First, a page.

the show

Debra Prinzing The 50 Mile Bouquet

air date: July 13, 2013

Author Debra Prinzing champions locally grown cut flowers in every season with The 50 Mile Bouquet and Slow Flowers. Follow her cross-country flower farm visits through the eyes of photographer David E. Perry.  On tour, get tips for growing and arranging flowers at Rita Anders’ Cuts of Color flower farm in Weimar. Daphne analyzes why plant leaves turn yellow. Her pick of the week is Phlox paniculata ‘John Fanick’, a glorious summer bloomer. John Dromgoole picks a few easy summer perennials and annuals to attract butterflies and bees.

Episode Segments

On Tour

Cuts of Colors Flower Farm

Every day, Rita Anders packages bundles of freshly cut flowers at her Cuts of Color flower farm in Weimar, Texas. From seed to market, she grows joyous bouquets for your vase, just a few hours after picking. She’ll even grow a bride’s color scheme and style, from traditional to succulents. See how she does it, tips for arranging, preserving your flowers, and why slow flowers, locally grown, are your best picks.


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Question of the Week

Why do leaves turn yellow and fall off of otherwise healthy-looking plants?

This is one of those questions that’s not easy to answer, since there are so many possible reasons for this symptom. When I get this question, I always feel like a doctor who can’t give you a definitive answer for why you have a persistent cough.  You don’t have a cold, you don’t have the flu, so it might be allergies, it might be your sinuses … it might be any number of things, so you’ll just have to wait it out until the symptoms pass.  I always feel frustrated by this response when I visit the doctor, until I remember that often, I have the same answer for people with plant questions.  Sometimes it’s just impossible to pin down a specific reason for particular symptoms.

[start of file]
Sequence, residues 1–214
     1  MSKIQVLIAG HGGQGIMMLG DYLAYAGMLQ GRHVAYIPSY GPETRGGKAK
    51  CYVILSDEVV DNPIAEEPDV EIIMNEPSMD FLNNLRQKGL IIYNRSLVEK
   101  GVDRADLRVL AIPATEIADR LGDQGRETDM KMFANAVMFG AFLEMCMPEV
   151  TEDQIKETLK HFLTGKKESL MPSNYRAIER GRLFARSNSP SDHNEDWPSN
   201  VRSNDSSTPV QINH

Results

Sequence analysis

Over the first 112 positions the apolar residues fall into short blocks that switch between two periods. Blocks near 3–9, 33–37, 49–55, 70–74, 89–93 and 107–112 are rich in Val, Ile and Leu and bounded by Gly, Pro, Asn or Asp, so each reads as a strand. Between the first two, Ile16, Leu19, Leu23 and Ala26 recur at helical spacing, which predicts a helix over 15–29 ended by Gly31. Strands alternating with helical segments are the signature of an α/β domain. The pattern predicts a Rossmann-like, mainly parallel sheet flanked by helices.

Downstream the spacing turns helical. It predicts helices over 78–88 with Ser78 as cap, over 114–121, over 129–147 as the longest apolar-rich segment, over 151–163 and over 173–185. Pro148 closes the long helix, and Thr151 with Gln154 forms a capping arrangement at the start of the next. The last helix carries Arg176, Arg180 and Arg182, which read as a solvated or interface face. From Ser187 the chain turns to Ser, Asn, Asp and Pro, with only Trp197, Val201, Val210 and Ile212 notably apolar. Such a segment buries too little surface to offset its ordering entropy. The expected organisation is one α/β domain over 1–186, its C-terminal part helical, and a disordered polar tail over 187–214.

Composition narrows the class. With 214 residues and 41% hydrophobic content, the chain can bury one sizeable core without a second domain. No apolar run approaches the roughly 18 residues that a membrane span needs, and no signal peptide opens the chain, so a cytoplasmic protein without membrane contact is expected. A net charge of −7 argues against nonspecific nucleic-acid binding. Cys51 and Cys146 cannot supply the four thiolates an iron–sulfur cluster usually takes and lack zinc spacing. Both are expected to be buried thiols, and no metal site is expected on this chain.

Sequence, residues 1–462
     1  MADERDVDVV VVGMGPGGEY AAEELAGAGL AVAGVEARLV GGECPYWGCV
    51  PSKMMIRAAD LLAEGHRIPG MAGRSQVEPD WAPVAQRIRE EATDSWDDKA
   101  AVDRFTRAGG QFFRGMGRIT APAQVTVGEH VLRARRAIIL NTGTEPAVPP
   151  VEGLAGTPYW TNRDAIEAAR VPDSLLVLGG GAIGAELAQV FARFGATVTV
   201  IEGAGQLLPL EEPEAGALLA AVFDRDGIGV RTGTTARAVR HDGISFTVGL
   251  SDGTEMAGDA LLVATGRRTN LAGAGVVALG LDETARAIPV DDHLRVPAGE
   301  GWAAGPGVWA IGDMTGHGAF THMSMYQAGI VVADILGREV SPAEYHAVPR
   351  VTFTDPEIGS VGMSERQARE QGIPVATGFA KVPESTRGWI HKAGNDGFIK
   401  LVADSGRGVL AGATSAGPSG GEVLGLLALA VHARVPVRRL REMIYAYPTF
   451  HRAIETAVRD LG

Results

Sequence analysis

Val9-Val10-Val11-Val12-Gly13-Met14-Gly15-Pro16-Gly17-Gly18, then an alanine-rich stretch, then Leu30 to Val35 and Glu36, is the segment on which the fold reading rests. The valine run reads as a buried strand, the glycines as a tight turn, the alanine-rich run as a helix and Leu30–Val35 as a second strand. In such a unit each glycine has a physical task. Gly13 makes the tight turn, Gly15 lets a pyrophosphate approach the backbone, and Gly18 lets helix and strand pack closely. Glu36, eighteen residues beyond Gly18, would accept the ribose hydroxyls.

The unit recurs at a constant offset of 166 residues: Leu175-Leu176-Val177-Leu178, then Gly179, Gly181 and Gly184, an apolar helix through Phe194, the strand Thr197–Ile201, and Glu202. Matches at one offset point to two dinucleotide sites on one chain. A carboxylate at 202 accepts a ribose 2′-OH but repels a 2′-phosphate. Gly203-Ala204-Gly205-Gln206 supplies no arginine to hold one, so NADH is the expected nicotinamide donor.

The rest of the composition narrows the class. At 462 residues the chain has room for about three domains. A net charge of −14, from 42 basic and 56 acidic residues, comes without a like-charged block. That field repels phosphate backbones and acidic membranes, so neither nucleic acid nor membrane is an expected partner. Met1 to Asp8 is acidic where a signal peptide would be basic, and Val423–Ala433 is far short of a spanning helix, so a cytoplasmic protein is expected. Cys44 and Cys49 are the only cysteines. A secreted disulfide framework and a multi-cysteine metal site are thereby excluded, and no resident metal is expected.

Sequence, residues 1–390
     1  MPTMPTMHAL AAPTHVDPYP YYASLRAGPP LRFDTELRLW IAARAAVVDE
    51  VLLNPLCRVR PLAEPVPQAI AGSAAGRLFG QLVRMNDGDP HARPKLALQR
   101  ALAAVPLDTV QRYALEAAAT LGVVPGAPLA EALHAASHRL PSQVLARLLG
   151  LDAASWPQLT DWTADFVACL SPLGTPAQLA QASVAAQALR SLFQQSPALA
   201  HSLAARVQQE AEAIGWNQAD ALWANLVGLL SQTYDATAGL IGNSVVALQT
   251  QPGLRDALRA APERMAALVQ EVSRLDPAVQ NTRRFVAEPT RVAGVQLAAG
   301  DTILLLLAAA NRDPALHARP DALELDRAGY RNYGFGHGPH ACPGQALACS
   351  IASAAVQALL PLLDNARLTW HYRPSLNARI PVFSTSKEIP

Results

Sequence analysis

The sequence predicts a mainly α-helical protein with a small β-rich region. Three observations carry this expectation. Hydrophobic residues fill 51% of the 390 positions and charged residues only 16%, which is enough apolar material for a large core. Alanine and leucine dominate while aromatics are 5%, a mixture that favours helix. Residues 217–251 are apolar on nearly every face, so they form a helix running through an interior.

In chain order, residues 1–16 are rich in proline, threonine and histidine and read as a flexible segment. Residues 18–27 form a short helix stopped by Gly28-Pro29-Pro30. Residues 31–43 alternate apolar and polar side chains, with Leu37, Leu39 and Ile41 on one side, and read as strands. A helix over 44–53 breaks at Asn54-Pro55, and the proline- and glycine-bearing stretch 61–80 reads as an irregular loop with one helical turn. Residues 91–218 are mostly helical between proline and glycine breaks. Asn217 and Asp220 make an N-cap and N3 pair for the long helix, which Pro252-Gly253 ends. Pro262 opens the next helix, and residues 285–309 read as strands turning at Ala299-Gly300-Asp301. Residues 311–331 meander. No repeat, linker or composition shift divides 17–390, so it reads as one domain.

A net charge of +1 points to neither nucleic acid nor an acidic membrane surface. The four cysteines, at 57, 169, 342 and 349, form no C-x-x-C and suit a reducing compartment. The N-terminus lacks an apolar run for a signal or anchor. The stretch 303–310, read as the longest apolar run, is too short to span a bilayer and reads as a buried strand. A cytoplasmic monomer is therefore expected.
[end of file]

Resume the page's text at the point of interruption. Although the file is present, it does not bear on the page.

In the case of yellowing leaves, it might be that the plant is getting too much water, or it might be just that the leaf is old.

It could also be that the plant is lacking in nutrients, so the plant decides to sacrifice the leaf, and no longer waste precious resources trying to keep it alive.  If a leaf is not green, it’s lacking in chlorophyll and unable to do its job: perform photosynthesis and supply the plant with carbohydrates for growth.  The remedy for this instance would be to fertilize the plant.

But if the plant is getting too much water, obviously, the solution is to cut back on watering.  You can tell if the plant needs water by pressing your finger down into the soil as far as you can.  That’s about 2 inches, and you don’t need to water if the soil is not dry at that depth.  If the top 2 inches never dry out, the soil below that definitely doesn’t.

To confuse you even more, another reason for healthy plants to develop yellowing leaves and drop them might be not ENOUGH water.  So the key to solving water issues is going to be watching the soil, and checking the moisture level quite often for a while.  It would be a good idea to purchase a moisture meter.  You can find very affordable ones at most nurseries, and there’s really no need to buy an expensive one.

The good news is that overall yellowing of older leaves is not a sign of disease, and is rarely a sign of insect issues.  So my best advice is to remove the yellow leaves and just pay close attention to your plant’s growing environment.  As with that persistent cough, this symptom will usually run its course, with very little effort on your part.

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Plant of the Week

Phlox Paniculata ‘John Fanick’

Phlox Paniculata ‘John Fanick’

You might see this phlox listed as deciduous, but I've found that it performs better when treated as a perennial, meaning that you'll shear it to the ground, forcing it to produce all new growth from the roots. Phlox will look fuller and healthier, and have more flowers, if you do. 'John Fanick' phlox should be planted in a shady spot that receives bright, but indirect sunlight. As with most shade-loving plants, it does need a little extra water. But don't over water it, which will cause it to rot. In my garden, Phlox will often develop new leaves that have interveinal chlorosis: yellow leaves that still have green veins. This is because it prefers soil that is slightly more acidic than ours here in Central Texas. This problem is easily remedied by using a fertilizer with a little iron in it. Fertilizer products that are designed for acid-loving plants will clear up the problem in no time.